Paula Morris is another charming woman. She’s been a university lecturer for many years, and it shows. Despite having lived abroad for many years, she’s still very Kiwi in attitude, which I like. She’s recently crossed over from adult into YA fiction, with a book called Ruined, which is about a young girl who can see a ghost in a New Orleans cemetery. Paula said she was inspired to write YA fiction because of her niece, and that she wrote a paranormal because she didn’t want to write another book that was about kissing and/or shopping, because there are plenty of books for girls about kissing and shopping, and she wanted to girls to know that there’s more to life about kissing and shopping. She got the idea for the book when she lived in New Orleans: she went into a voodoo shop after Katrina and had her future read on a whim, and the clairvoyant said to her that he didn’t like going outside anymore, because all he saw were the ghosts who were displaced by Katrina roaming the streets, and that there were ghosts everywhere. I like this story, because the first time I went to New Orleans a tarot reader tried to sweet talk me into sitting down with him. I didn’t do it (because I was there for work and doubted I could get “tarot reading” approved on my expense form, LOL), but now I wish I had.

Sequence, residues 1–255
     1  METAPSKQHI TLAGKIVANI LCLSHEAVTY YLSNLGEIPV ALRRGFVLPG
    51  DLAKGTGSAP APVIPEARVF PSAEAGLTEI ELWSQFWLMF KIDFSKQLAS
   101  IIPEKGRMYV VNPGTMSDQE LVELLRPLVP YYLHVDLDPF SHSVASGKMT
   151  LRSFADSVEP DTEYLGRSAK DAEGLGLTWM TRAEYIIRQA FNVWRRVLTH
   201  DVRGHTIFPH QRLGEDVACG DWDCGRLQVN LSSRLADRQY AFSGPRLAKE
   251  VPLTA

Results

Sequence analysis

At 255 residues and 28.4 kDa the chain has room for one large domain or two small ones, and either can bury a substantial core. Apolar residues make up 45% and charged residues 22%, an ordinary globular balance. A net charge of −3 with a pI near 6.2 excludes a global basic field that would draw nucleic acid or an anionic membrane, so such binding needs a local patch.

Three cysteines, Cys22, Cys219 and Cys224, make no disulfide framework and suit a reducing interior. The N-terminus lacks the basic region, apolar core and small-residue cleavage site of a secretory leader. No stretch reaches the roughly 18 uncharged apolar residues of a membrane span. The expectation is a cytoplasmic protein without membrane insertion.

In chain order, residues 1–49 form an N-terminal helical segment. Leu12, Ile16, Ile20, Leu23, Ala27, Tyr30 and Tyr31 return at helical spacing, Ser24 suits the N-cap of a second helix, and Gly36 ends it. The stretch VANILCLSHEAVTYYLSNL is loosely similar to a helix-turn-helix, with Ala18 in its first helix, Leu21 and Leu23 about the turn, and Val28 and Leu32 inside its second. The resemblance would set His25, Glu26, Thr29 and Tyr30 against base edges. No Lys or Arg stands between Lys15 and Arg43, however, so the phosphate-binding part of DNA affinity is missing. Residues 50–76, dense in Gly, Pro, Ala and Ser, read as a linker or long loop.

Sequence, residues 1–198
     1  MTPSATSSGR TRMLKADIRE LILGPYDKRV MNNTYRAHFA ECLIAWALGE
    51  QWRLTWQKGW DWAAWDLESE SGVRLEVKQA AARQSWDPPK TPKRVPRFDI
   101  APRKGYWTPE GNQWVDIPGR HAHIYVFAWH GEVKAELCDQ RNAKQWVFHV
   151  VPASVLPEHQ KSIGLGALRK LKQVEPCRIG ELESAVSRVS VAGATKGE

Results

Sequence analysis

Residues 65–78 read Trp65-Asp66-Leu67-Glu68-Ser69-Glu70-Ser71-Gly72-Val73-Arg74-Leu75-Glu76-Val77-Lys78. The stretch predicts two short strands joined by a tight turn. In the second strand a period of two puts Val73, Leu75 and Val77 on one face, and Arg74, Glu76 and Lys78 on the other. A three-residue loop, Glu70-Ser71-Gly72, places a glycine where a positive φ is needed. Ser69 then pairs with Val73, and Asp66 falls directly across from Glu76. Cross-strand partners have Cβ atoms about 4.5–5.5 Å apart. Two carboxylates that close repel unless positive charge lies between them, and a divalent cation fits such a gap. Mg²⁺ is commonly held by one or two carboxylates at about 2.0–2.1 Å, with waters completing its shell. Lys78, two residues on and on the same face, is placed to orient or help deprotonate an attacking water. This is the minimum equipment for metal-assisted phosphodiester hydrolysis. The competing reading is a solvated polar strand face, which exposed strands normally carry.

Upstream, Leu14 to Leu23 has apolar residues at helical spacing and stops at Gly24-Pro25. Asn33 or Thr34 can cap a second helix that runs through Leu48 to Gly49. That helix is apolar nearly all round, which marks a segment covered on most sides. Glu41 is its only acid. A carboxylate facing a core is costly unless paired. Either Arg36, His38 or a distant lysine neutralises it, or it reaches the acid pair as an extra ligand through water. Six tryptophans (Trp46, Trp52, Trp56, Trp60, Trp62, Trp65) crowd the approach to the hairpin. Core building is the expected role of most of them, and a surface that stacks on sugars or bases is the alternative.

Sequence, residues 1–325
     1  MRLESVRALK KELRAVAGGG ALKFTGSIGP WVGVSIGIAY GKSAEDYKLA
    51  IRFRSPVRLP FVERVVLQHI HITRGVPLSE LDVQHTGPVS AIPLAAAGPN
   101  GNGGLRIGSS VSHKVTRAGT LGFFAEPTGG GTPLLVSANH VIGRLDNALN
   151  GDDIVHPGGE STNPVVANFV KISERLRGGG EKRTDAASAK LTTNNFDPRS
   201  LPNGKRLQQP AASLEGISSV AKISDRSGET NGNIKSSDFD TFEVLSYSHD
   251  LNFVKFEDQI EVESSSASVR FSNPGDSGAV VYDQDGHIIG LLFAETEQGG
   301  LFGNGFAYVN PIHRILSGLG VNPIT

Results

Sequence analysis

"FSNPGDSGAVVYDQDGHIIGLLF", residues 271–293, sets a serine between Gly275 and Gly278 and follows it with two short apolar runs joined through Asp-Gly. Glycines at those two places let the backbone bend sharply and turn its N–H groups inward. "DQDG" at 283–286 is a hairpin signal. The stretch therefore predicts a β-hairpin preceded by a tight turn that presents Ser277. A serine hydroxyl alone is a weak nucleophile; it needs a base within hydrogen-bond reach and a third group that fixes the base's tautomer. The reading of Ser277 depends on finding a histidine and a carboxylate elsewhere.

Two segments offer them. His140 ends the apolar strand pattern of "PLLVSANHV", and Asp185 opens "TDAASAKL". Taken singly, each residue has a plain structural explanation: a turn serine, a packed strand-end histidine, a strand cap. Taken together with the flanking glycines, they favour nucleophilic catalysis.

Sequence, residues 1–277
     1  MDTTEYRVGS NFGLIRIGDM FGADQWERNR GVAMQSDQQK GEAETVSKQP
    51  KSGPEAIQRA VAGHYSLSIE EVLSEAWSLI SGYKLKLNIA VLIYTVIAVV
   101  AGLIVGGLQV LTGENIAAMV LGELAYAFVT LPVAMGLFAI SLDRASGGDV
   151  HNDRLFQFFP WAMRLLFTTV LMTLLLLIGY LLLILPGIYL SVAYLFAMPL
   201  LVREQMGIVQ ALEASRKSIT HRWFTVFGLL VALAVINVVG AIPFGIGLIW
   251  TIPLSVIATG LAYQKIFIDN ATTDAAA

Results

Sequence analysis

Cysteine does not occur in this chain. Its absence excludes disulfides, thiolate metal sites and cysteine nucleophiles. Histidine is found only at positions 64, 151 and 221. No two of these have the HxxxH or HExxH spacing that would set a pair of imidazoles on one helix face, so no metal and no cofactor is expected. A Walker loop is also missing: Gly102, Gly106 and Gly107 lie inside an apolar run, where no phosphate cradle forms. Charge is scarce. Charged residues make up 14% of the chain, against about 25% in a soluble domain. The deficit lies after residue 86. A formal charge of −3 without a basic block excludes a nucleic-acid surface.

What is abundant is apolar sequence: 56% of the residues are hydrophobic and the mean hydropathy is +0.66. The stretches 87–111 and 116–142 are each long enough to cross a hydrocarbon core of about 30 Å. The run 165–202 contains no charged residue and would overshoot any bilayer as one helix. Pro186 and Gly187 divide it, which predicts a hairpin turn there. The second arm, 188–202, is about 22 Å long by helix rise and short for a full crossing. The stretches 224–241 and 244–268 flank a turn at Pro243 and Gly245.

Paula talked a bit about crossing over from adult into YA, saying that because she’d done some ghostwriting (which I was all like !!! at, because while I had heard that it went on I only half believed it, but there she was saying that she’d written several books for people too lazy to write their own), publishers knew of her and knew that she could finish a book, so they were more inclined to take a chance on her. Having said that, the synopsis she had to submit was pages and pages long; since then, they’ve gotten shorter. She dropped into creative writing teacher-mode a few times, which was fine by me, since a couple of things she said really struck me as useful – one was that her students’ characters are often really 1-dimensional, not much more than a name and a couple of characteristics, so she often gets them to write down what’s in their character’s bag/purse/backpack, the things they carry around with them every day. This forces them to start thinking of their characters as real people. The other trick she uses herself if she’s struggling with secondary characters is to write a little from their POV, which often sorts out their motivations for her. Anyway, whether those things are useful or not, she’s a very interesting woman and a charismatic speaker, and the fact that I missed Claire Keegan for her is not really a wrench at all.
So there’s Saturday. One more day to go, which I’ll hopefully get written up before the 1-month anniversary of the festival taking place, sigh.